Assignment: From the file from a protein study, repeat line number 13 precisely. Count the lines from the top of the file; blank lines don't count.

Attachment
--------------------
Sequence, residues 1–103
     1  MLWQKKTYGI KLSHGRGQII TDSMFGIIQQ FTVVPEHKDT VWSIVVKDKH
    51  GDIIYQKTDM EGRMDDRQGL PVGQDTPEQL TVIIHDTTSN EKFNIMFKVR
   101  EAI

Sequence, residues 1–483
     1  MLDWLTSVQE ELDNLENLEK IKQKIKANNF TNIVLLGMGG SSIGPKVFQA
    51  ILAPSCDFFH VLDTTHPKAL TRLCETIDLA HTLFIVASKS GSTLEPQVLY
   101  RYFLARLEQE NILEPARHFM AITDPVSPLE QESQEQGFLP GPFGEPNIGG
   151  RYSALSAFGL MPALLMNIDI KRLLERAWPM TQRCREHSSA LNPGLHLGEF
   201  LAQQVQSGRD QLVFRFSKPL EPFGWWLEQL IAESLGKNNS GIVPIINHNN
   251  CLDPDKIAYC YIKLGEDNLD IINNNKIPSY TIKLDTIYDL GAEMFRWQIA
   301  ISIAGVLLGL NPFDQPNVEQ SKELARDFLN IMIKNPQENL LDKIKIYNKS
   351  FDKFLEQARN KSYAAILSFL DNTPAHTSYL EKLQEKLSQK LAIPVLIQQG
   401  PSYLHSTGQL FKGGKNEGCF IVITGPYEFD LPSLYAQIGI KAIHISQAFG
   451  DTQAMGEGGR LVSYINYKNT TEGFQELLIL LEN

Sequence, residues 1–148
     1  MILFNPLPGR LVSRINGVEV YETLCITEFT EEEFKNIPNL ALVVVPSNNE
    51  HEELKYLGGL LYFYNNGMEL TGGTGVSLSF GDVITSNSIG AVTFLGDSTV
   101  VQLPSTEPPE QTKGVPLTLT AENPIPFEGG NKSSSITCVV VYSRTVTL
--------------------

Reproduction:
   351  FDKFLEQARN KSYAAILSFL DNTPAHTSYL EKLQEKLSQK LAIPVLIQQG